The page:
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May 20, 2024
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Boeing often appears as a candidate when asked about the worst-managed companies in the world, given its inability to get out of its way in recent years.  When airlines are discussed, Southwest Airlines, once touted under Herb Kelleher as the best-managed airline in the world, has fallen so low that it is now included in worst-managed lists. Two decades ago, having either of these companies on a worst-managed list was unthinkable – but times and events have impacted these two companies in the worst way.

Southwest’s inclusion on the list stems from its undying loyalty to the Boeing 737 and its strategy of operating a single aircraft type. Ireland’s Ryanair, another major 737 operator, has a few Airbus aircraft from an acquisition. Their CEO has been publicly critical of Boeing and is known for hard-nosed negotiations. Southwest has not publicly criticized Boeing despite being the largest and best historic customer for the 737 through multiple generations of the aircraft.

Our question for today is which company has the worst management – Boeing or Southwest?

The Case for Boeing

The case for Boeing is quite simple – the company can’t seem to build aircraft without problems, and their issues now extend to older models with a good track record.

Reports emerged this week that several 777Fs are parked without engines at Everett. While this is a GE issue, it is expensive from a cash flow standpoint and likely couldn’t come at a worse time for the company.

The 737 MAX has been disaster after disaster, culminating in the January 2024 door blowout that the NTSB suspects was caused by uninstalled bolts, bringing poor quality control at Boeing into focus.  The FAA is limiting Boeing’s production output, and during the first quarter of this year, newly built MAX models have been in the teens rather than their planned rate of 38 per month.  The FAA quality review and certification efforts on the MAX 7 and MAX 10 have no timetable. They may or may not occur before a May 2026 deadline for an EICAS system, which would require significant cockpit changes.

The 787 has recently experienced quality issues. The aircraft has been in service for over a decade, and one would think that Boeing would have a mature and stable production process after that period of time.

Similarly, the 767 tanker sees a clean production line but design issues with systems that still don’t meet requirements, including the all-important vision system for a refueling tanker.  Perhaps using cameras rather than direct vision, showing a two-dimensional image on a screen rather than seeing a three-dimensional perspective through a window, means an ill-fated design that may never work as well as older systems.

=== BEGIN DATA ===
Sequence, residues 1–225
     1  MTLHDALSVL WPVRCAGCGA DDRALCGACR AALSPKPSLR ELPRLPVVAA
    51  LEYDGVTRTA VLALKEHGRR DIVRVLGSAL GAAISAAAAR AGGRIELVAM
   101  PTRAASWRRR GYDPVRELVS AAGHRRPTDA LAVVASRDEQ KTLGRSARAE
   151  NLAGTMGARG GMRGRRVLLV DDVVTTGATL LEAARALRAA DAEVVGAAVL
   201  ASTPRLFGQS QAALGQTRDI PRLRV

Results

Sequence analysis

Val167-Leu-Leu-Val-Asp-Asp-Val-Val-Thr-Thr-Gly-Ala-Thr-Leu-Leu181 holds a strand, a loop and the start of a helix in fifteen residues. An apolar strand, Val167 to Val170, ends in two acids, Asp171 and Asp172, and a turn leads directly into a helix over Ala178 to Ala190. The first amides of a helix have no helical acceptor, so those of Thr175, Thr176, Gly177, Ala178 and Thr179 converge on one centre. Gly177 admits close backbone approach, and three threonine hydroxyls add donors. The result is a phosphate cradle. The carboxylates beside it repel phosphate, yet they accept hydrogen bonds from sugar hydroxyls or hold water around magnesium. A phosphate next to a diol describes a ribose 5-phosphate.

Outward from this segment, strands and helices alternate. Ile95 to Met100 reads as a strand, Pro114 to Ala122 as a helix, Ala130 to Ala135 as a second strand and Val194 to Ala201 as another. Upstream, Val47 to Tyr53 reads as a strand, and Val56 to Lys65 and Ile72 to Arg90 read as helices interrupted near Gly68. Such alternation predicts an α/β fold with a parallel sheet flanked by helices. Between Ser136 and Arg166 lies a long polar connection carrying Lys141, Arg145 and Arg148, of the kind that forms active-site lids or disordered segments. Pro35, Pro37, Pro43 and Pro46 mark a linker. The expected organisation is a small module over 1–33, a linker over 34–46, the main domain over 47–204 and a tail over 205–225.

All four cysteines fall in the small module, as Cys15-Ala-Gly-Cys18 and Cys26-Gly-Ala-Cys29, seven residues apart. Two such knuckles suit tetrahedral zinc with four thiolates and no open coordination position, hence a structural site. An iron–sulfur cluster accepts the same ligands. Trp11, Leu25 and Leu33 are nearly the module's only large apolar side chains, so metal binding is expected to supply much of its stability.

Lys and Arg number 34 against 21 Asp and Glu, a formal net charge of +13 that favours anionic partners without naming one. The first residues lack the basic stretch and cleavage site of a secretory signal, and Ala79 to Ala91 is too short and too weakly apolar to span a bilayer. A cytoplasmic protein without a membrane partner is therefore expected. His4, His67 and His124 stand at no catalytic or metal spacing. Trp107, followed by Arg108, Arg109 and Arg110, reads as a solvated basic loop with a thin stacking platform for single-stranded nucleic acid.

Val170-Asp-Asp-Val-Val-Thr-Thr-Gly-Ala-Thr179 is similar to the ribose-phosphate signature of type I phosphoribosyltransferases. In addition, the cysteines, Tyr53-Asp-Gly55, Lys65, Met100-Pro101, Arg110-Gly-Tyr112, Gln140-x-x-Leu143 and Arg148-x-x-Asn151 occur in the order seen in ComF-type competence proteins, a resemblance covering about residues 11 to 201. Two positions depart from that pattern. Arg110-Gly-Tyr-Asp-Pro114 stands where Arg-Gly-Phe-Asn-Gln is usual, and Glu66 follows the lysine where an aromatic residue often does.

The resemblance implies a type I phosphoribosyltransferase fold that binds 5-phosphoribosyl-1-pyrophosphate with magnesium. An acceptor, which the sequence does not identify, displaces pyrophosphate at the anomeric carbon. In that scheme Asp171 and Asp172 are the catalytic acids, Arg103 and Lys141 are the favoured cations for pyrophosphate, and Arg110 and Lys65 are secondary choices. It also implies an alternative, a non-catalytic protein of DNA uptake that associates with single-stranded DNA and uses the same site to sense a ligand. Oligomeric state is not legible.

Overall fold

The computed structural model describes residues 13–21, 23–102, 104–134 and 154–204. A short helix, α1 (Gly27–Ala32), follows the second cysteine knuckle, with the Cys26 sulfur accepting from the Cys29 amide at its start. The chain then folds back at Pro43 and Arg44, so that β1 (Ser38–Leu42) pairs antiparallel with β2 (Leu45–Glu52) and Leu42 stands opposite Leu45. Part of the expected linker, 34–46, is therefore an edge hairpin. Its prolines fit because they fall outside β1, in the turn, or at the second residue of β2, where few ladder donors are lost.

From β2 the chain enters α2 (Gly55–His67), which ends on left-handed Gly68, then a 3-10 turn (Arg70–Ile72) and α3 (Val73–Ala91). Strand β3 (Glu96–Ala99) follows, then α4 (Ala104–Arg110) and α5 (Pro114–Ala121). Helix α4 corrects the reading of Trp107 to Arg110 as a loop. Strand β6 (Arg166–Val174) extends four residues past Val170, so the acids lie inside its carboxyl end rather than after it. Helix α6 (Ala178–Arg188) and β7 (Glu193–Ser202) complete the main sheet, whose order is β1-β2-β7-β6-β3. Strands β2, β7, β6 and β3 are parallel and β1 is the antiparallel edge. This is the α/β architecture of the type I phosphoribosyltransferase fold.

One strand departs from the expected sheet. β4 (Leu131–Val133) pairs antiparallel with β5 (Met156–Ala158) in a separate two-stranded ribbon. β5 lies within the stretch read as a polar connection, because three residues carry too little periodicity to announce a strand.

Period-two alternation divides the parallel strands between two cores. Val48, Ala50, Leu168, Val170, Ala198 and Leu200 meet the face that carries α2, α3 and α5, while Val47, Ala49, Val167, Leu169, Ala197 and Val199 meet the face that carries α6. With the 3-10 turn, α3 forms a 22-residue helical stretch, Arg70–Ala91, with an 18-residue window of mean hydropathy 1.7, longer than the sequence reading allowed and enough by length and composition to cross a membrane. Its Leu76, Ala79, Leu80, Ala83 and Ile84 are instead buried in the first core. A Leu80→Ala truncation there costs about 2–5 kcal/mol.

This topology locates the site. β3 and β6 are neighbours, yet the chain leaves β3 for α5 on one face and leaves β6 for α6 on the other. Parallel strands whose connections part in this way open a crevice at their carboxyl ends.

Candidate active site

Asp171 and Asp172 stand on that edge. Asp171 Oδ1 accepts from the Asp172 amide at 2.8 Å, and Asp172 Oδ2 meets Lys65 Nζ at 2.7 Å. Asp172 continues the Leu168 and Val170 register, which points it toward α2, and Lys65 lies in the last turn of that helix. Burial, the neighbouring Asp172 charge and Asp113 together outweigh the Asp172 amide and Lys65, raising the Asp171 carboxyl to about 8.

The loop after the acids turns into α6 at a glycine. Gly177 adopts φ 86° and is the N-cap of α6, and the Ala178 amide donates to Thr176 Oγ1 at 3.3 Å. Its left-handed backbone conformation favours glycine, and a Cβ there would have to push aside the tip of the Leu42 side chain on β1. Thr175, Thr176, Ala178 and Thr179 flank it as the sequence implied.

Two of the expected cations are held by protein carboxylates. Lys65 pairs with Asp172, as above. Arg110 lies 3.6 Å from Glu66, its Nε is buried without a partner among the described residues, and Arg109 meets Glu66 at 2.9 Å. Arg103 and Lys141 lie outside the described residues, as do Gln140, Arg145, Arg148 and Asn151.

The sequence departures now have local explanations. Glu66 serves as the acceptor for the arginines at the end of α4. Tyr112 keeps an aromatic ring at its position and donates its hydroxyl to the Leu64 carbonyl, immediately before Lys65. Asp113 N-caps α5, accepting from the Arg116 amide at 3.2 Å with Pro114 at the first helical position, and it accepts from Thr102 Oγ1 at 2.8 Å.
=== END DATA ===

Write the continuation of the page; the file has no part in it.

The forthcoming 777X is five years late, and we wonder how long carriers like Emirates will wait for airplanes that may or may not make it into production within a reasonable time frame.

Boeing’s management has been focused on Wall Street and what is needed to move the stock price upward.  The company used more than $43 billion in stock buybacks to fund two new aircraft development programs, which netted the company no value other than temporarily higher stock prices before the bottom fell out.

Boeing has been tilting at windmills for some time now, and while it takes a long time to exhaust the good name, reputation, and goodwill from years of engineering excellence, that time has come.  The management changes that began in 1997 introduced the now-debunked Jack Welch school of managing for shareholder value, which ignored fundamentals on products, safety, customers, suppliers, and passengers on the altar of cost-cutting and shareholder returns.

In addition, Boeing’s management is arrogant and acts like they have done a great job. Boeing is, in my opinion, the worst-managed company in aerospace and perhaps in any industry.

Is Boeing beyond repair?  Not quite yet, but it is getting close.  It takes a long time to turn around a major aerospace OEM.  The longer Boeing waits for meaningful cultural change, the more complex a turnaround becomes.

The Case for Southwest

Southwest began flying from smaller markets, using smaller 737 models that matched the demand pattern of those markets with quick turnarounds to generate higher utilization rates than its competitors. The Boeing 737-300, followed by the 737-700, became the airline’s backbone. When Boeing introduced the 737 MAX, the MAX 7 was the model best suited for Southwest’s route system and was ordered in large quantities.